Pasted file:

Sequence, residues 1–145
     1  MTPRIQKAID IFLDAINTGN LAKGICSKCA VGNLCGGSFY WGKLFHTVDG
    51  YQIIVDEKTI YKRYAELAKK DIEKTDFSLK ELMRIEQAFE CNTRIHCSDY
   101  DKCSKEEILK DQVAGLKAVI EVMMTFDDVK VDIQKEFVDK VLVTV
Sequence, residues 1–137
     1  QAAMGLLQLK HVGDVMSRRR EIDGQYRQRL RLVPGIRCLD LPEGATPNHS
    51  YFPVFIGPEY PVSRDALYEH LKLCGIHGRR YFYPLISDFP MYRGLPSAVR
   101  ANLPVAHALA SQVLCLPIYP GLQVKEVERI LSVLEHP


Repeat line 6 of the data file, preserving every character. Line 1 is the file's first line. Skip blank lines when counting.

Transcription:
     1  QAAMGLLQLK HVGDVMSRRR EIDGQYRQRL RLVPGIRCLD LPEGATPNHS